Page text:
Magnie landed in a couple of reasonably stable, moderately successful bands, including L’il Queenie & the Percolators, which included Malone, and the Continental Drifters, with Malone, Messa and Johnny Ray Allen. During the latter days of the Continental Drifters, in March 1987, Magnie also had a gig at the famed club Tipitina’s. It was the Monday-night slot, when the music was supposed to be soft, and traditionally was limited to just piano. But Magnie bent the rules, a little.”I decided to make it a the trial spot for this idea I had, to play in a real subdued way,” he said. “No amps, just acoustic guitars, piano or accordion.” The stroke of genius turned out to be a tambourine, covered by a skin and beat with a spatula (all of it pilfered by Malone from his landlady). Beating the jury-rigged percussion was New Orleans drummer Steve Amedée.”The mic had some bass boost, and he got this big sound out of that tambourine,” said Magnie. “It just presented itself that night. The 30 or 40 people there loved it, and we decided to go with it.”The night was memorable enough that Magnie recalls much of the set list: a host of originals that would appear on the 1989 debut, “the subdudes,” and covers that included the spiritual “Rivers of Babylon” and the Beatles’ “Don’t Let Me Down.” By the summer of 1987, the subdudes – Magnie, Malone, Allen and Amedée, a quartet capable of knee-weakening soulful four-part harmonies – was born.Ups and downsThe inspired artistic idea was followed by a geographic one. Magnie led the ‘dudes out of musically saturated New Orleans, where the band could land little more than a regular Tuesday-night gig at the Maple Leaf, and to the relatively empty Fort Collins.”There’s always so much great music going on in New Orleans, and it doesn’t get above the street level. That’s the story of New Orleans,” said Magnie, who still lives in Fort Collins.In Colorado, the subdudes, in short order, took second in Musician magazine’s best-unsigned-bands contest, got their demo played on KBCO, and played at Mishawaka Amphitheatre. By the end of 1988, they had signed to Atlantic Records.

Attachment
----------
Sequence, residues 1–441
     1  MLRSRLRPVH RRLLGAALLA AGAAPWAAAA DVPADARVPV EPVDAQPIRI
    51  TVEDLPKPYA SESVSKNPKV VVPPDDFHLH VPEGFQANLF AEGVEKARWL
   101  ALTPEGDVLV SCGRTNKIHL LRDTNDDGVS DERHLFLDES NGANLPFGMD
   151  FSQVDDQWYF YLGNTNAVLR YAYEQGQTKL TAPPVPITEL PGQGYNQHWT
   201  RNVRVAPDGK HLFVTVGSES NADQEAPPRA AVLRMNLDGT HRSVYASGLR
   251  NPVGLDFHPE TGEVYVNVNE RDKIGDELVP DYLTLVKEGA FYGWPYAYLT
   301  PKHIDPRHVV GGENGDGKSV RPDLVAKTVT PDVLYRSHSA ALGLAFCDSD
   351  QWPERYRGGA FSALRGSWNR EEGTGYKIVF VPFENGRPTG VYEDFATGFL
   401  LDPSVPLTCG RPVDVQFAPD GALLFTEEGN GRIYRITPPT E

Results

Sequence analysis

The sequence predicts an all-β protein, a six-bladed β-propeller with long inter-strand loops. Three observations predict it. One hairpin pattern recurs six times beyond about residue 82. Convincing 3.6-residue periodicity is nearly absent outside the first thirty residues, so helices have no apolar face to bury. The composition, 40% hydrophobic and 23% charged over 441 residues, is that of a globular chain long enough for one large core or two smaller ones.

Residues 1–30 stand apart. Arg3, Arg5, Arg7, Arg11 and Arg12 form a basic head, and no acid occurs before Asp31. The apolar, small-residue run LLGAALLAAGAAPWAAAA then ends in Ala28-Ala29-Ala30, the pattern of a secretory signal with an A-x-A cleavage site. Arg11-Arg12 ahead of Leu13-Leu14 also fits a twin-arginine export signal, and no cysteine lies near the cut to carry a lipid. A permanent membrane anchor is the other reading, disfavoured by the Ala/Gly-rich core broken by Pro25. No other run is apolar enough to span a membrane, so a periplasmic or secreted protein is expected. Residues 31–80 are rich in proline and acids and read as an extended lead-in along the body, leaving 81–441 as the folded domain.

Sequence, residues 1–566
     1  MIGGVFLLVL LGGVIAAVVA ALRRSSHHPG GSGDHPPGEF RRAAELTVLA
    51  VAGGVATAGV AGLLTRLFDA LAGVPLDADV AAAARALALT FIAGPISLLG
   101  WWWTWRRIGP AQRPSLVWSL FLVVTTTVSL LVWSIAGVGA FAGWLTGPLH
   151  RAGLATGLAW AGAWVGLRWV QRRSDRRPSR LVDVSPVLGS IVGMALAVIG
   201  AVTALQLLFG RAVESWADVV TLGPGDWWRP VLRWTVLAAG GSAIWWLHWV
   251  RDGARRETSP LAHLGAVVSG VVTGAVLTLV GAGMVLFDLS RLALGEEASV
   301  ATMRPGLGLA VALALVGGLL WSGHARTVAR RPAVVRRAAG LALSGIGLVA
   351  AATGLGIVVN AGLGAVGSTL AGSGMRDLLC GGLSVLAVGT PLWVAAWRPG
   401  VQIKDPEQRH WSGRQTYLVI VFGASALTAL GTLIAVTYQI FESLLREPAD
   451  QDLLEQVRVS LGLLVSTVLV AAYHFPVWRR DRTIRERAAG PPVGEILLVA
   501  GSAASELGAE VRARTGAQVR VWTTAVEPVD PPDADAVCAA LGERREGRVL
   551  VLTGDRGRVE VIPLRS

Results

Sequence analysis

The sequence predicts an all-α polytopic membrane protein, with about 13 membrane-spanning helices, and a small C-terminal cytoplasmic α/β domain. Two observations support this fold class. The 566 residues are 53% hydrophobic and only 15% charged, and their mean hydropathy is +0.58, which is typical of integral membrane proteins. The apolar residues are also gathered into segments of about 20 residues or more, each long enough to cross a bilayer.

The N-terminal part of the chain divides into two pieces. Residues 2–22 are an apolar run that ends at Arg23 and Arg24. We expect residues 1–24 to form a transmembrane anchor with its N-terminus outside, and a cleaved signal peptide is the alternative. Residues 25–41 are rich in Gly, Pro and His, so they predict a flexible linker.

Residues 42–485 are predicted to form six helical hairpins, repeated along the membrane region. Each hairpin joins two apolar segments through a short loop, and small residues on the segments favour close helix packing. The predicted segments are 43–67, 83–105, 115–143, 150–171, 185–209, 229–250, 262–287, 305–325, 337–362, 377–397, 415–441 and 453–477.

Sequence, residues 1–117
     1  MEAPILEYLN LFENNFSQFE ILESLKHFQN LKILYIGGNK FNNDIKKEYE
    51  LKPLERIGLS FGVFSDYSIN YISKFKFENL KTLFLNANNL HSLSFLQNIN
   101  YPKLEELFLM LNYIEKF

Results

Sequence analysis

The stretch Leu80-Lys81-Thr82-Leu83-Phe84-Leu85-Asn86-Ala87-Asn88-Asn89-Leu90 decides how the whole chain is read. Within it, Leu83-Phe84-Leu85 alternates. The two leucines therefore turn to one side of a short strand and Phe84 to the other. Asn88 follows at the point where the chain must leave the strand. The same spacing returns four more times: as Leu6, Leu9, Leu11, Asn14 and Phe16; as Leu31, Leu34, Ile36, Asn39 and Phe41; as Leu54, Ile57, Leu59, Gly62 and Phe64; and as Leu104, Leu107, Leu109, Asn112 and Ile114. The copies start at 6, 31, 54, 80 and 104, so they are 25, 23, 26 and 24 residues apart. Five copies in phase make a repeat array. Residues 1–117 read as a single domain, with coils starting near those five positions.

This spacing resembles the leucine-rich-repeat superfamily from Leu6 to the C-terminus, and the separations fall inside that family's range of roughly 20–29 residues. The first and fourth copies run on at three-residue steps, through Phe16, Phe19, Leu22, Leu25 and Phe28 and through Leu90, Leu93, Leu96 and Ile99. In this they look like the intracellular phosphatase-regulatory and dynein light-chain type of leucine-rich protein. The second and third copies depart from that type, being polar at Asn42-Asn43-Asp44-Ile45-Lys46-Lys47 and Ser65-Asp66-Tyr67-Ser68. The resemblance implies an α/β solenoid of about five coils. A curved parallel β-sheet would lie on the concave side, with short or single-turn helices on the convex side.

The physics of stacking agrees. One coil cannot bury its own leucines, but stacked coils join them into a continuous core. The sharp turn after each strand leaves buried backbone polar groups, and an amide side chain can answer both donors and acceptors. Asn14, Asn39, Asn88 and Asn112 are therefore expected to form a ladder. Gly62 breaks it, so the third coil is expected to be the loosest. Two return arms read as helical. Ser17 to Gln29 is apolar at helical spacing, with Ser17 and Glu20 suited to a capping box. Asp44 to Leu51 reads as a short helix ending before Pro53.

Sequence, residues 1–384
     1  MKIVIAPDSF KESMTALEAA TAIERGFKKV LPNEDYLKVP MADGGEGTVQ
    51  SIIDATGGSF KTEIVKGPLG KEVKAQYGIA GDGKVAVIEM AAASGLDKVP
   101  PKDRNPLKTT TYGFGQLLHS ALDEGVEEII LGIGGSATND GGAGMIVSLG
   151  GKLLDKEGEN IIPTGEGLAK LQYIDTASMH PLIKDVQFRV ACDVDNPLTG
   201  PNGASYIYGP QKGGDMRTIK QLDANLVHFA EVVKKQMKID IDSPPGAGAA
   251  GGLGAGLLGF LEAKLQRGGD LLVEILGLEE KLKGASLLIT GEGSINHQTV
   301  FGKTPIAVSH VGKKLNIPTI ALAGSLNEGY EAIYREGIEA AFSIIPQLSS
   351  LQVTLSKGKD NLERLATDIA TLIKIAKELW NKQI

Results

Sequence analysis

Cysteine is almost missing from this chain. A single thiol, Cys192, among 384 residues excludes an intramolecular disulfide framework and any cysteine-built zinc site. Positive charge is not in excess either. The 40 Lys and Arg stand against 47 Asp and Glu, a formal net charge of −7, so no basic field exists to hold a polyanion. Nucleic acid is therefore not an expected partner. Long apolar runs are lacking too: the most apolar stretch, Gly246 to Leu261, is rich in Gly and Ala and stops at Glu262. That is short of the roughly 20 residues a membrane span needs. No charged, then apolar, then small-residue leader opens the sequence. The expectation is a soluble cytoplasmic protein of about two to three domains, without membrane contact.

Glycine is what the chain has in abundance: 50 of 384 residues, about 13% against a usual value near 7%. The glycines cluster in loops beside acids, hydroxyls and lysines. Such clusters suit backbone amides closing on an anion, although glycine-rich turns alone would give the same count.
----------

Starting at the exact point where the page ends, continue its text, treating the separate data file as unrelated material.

“In Colorado, things just started popping for us,” said Magnie. “We could feel an interest, just from being from somewhere different, being from New Orleans.”From 1989-96, the subdudes released four CDs and toured hard. There was a degree of success: The albums consistently charted, the band earned loyal fans and the subdudes became the regular Saturday-night attraction at the Telluride Bluegrass Festival. But the following fell short of expectations, and the wearied band called it quits in late ’96.Magnie calls volume one of the subdudes history “as natural a progression as planting a garden: It fertilizes and grows and runs its course.” One unnatural element, he added, was Malone and Allen forming another band, Tiny Town, while the subdudes were still breathing.”Our communication had broken down, so our song-writing collaboration broke down,” he continued. “That was the lifeblood of the band. We needed to break up, go back to our corners.”Malone and Allen dwelled in Tiny Town; Magnie and Amedée launched 3 Twins. But within two years of disbanding, the subdudes were playing reunion shows. The periodic subdudes gigs not only drew substantial interest, but the band found it got paid better when they were no longer technically in existence. In early 2002, the subdudes – minus Allen, but with Messa, Tim Cook and Sammy Neal, all of whom had been in post-subdudes groups – began touring as the Dudes. The name reverted to the subdudes in 2003. With the releases of “Miracle Mule” in 2004, and now “Behind the Levee,” the hiatus years seem like a hiccup. The subdudes’ upcoming tour schedule includes stops at Red Rocks (July 23, opening for Lyle Lovett), at Seattle’s Bumbershoot Festival and at the Austin City Limits Festival.”We came to the realization that no matter what happened before, we were best when we were reunited,” said Magnie.Stewart Oksenhorn’s e-mail address is firstname.lastname@example.org